Ultrasonic and dielectric behaviour of binary systems of quinoline with methylene chloride, chloroform, carbon tetrachloride, benzene and cyclohexane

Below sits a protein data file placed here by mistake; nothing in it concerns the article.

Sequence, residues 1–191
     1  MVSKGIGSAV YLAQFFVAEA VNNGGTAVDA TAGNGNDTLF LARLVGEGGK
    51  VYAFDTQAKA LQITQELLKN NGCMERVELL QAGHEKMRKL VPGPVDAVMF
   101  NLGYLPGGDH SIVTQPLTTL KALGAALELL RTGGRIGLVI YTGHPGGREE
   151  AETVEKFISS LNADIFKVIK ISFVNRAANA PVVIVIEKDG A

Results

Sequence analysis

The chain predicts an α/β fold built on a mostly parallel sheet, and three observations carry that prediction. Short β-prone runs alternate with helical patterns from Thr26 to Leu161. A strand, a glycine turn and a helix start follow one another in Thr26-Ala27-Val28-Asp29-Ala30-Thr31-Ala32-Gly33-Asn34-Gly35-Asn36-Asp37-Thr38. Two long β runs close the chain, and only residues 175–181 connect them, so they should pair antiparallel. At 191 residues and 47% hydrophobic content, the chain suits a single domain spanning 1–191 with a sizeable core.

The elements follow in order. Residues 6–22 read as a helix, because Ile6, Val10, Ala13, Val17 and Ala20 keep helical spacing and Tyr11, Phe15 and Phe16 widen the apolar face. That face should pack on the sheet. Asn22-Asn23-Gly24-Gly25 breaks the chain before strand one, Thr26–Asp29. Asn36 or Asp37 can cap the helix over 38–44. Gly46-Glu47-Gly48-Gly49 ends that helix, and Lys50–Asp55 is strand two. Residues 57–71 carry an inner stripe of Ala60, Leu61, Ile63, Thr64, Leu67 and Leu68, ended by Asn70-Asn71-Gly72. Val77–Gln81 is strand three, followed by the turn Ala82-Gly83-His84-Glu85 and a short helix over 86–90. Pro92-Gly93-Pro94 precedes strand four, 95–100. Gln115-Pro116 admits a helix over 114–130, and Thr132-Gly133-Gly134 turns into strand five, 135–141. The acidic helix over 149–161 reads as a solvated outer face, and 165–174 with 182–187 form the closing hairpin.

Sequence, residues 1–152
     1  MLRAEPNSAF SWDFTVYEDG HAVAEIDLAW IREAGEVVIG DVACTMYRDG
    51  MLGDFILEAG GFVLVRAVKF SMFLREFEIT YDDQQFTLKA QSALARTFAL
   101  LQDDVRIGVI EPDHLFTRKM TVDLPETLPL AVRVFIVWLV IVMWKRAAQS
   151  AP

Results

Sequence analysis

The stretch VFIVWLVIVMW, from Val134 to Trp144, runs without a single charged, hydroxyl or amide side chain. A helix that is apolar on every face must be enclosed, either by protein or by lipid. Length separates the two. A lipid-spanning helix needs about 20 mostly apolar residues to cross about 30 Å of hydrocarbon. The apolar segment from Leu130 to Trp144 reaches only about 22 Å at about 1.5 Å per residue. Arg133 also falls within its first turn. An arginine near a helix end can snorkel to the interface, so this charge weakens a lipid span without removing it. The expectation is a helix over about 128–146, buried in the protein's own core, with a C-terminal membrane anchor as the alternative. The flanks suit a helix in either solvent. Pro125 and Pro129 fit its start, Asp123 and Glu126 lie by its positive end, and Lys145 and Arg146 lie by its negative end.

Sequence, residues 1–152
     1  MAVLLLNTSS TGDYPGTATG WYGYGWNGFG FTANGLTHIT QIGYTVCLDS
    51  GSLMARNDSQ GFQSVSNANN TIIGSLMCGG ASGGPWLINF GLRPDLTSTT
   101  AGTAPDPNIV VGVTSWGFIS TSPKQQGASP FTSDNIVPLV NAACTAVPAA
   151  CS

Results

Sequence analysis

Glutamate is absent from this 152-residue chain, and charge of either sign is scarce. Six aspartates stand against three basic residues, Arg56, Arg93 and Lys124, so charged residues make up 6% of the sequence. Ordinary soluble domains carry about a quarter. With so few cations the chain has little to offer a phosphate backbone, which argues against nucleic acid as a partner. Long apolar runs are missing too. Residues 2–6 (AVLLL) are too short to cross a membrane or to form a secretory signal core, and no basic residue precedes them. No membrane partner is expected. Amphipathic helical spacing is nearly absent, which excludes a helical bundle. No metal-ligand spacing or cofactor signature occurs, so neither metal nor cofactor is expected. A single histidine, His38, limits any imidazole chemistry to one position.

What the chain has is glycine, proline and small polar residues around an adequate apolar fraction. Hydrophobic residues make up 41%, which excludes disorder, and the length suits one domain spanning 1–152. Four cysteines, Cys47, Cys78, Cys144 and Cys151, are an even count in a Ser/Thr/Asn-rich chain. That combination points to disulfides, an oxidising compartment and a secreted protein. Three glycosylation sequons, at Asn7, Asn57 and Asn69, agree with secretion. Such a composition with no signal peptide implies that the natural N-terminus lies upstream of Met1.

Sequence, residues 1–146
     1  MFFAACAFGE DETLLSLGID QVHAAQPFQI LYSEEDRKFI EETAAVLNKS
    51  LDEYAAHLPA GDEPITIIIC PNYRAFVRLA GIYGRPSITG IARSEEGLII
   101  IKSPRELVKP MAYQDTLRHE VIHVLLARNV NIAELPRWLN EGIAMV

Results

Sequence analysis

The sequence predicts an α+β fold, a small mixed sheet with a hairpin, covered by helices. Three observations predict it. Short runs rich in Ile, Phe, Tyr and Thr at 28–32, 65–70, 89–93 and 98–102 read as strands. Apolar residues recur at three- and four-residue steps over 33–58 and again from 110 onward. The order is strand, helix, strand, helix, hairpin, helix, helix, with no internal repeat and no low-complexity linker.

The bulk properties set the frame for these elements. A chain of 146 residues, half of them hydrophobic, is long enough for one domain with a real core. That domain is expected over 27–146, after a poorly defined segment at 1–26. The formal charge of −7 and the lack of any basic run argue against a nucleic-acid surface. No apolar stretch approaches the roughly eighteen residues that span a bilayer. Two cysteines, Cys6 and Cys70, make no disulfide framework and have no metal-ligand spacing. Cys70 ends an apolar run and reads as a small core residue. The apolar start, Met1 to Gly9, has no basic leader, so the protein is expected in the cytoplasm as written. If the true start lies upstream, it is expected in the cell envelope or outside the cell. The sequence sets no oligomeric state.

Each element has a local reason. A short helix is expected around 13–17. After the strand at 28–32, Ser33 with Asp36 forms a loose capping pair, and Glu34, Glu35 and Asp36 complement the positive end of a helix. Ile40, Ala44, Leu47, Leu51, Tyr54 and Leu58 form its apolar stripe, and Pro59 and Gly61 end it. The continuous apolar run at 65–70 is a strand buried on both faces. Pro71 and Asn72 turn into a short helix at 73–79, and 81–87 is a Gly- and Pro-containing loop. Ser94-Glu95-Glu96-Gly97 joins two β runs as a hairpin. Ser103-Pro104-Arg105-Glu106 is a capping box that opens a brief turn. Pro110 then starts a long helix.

Ultrasonic velocities, u, and isentropic compressibilities, κs, have been measured for binary mixtures of quinoline (C9H7N) with carbon tetrachloride (CCl4), benzene (C6H6) and chloroform (CHCl3) at 303.15 and 313.15 K, for mixtures of C9H7N with methylene chloride (CH2Cl2) at 293.15 and 303.15 K, and for mixtures of C9H7N with cyclohexane (c-C6H12) at 303.15 K. Measurements of relative permittivities, Îµ, and refractive indices, n, have also been made for binary mixtures of C9H7N with CCl4, CHCl3, CH2Cl2, C6H6 and c-C6H12 at 303.15 K. The quantities Δκs and ΔÎµ which refer, respectively, to the deviations of the isentropic compressibilities and relative permittivities of the mixtures from the values arising from the mole-fraction mixture law, have been calculated. Δκs is negative throughout the whole range of composition in each case. ΔÎµ is large and positive for mixtures of C9H7N with CHCl3 and CH2Cl2, practically zero at low mole fractions of C9H7N and small and positive for high mole fractions in the case of C9H7N–CCl4 and C9H7N–C6H6. For C9H7N–c-C6H12, ΔÎµ is very slightly negative at low mole fractions of C9H7N and very slightly positive for high mole fractions. The Kirkwood correlation parameter, g, as calculated from the data on Îµ and n, for C9H7N–CHCl3 and C9H7N–CH2Cl2 was used to obtain Δg, which refers to the deviation of the Kirkwood correlation parameter of the mixture from the values arising from the mole-fraction mixture law. Δg is large and positive for these systems. The equilibrium constants Kf for the formation of a 1 : 1 complex of C9H7N with CHCl3 and CH2Cl2, as calculated from the relative permittivity data, are in accord with the theory of Barriol and Weisbecker, which is based upon the electrostatic interactions of the solute with the liquid. The apparent dipole moments, µapp, of C9H7N in CCl4 and C6H6 have been calculated. ΔÎµ, Δg and Kf show that C9H7N forms strong complexes with CHCl3 and CH2Cl2, and that the interaction of C9H7N is stronger with CHCl3 than that with CH2Cl2. ΔÎµ and µapp show that there is a specific interaction of C9H7N with CCl4 and C6H6, being stronger with CCl4 than that with C6H6.